Skip to main content

Thank you for visiting nature.com. You are using a browser version with limited support for CSS. To obtain the best experience, we recommend you use a more up to date browser (or turn off compatibility mode in Internet Explorer). In the meantime, to ensure continued support, we are displaying the site without styles and JavaScript.

Few and far between

Pulsars — fast-spinning neutron stars — are precision clocks provided by nature. Finding pulsars in the Galactic Centre orbiting Sagittarius A*, the closest supermassive black hole to the Earth, will offer unprecedented opportunities to test general relativity and its alternatives.

This is a preview of subscription content

Access options

Buy article

Get time limited or full article access on ReadCube.

$32.00

All prices are NET prices.

Fig. 1: Tracking a pulsar as it orbits the central supermassive black hole.

References

  1. Boehle, A. et al. Astrophys. J. 830, 17 (2016).

    ADS  Article  Google Scholar 

  2. Gillessen, S. et al. Astrophys. J. 837, 30 (2017).

    ADS  Article  Google Scholar 

  3. Joshi, P. S. in Springer Handbook of Spacetime (eds Ashtekar, A. & Petkov, V.) 409–436 (Springer, Heidelberg, 2014).

  4. Penrose, R. in General Relativity: An Einstein Centenary Survey (ed. Hawking, S. W.) 581–638 (Cambridge Univ. Press, Cambridge, 1979).

  5. Abbott, B. P. et al. Phys. Rev. Lett. 116, 061102 (2016).

    ADS  MathSciNet  Article  Google Scholar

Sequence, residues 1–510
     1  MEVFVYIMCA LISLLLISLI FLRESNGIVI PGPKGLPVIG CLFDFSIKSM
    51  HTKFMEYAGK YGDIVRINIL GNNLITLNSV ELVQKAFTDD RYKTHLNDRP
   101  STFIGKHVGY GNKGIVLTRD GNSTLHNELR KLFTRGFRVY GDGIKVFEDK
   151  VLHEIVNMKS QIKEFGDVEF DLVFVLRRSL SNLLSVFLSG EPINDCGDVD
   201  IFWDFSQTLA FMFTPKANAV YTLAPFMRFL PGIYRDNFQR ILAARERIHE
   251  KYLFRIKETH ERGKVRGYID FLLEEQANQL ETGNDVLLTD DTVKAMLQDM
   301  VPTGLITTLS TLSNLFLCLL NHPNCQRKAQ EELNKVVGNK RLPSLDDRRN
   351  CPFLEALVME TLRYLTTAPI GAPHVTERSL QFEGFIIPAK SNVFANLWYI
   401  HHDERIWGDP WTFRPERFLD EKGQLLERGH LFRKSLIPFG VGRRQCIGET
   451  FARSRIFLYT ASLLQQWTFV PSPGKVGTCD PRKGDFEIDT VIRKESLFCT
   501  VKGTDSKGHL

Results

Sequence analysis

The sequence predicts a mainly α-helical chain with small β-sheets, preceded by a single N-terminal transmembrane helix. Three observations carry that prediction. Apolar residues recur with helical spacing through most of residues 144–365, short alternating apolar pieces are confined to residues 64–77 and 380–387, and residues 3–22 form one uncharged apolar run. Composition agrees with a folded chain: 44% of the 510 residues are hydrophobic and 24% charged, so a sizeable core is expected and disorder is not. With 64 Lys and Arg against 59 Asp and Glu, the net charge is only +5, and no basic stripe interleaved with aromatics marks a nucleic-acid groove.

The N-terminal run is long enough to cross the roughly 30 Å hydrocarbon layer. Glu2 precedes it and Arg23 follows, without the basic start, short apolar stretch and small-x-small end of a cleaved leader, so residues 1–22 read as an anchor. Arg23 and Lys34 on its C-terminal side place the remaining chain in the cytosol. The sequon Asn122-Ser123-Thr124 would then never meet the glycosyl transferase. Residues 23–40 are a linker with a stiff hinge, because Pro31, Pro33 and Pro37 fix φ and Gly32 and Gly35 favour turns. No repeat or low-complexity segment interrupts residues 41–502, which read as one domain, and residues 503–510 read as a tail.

6. Thrane, E., Lasky, P. &  Levin, Y. Preprint at https://arxiv.org/abs/1706.05152 (2017).

  7. Desvignes, G. et al. Mon. Not. R. Astron. Soc 448, 3341–3380 (2016).

    ADS  Article  Google Scholar 

  8. Liu, K. et al. Astrophys. J. 747, 1 (2012).

    ADS  Article  Google Scholar 

  9. Thorne, K. S. Rev. Mod. Phys. 52, 299–340 (1980).

    ADS  Article  Google Scholar 

  10. Doeleman, S. S. et al. Nature 455, 78–80 (2008).

    ADS  Article  Google Scholar 

  11. Falcke, H. & Markoff, S. B. Class. Quantum Grav. 30, 244003 (2013).

  12. Psaltis, D. et al. Astrophys. J. 818, 121 (2016).

  13. Eatough, R. P. et al. Nature 501, 391–394 (2013).

    ADS  Article  Google Scholar 

  14. Goddi, C. et al. Int. J. Mod. Phys. D 26, 1730001 (2017).

    ADS  Article  Google Scholar 

  15. Muno, M. P. et al. Astrophys. J. 622, L113–L116 (2005).

    ADS  Article  Google Scholar 

  16. Wharton, R. S. et al. Astrophys. J. 753, 108 (2012).

    ADS  Article  Google Scholar 

  17. Eatough, R. P. et al. Proc. Adv. Astrophys. SKA (AASKA14) 045 (2015); https://pos.sissa.it/215/045/pdf

  18. Cordes, J. M. & Lazio, T. J. W. Astrophys. J. 475, 557–564 (1997).

  19. Spitler, L. G. et al. Astrophys. J. 780, L3 (2014).

    ADS  Article  Google Scholar 

Download references

Acknowledgements

K.L. and R.E. acknowledge financial support by the European Research Council for the ERC Synergy Grant BlackHoleCam under contract no. 610058. Fig. 1 is based on a sketch by R.E. The telescope outline is based on a photograph by E. Middelberg.

Author information

Authors and Affiliations

Authors

Corresponding authors

Correspondence to Kuo Liu or Ralph Eatough.

Ethics declarations

Competing interests

The authors declare no competing interests.

Rights and permissions

Reprints and Permissions

About this article

Verify currency and authenticity via CrossMark

Cite this article

Liu, K., Eatough, R. Few and far between. Nat Astron 1, 812–813 (2017). https://doi.org/10.1038/s41550-017-0327-6

Download citation

  • Published:

  • Issue Date:

  • DOI: https://doi.org/10.1038/s41550-017-0327-6

Search

Quick links

Nature Briefing

Sign up for the Nature Briefing newsletter — what matters in science, free to your inbox daily.

Get the most important science stories of the day, free in your inbox. Sign up for Nature Briefing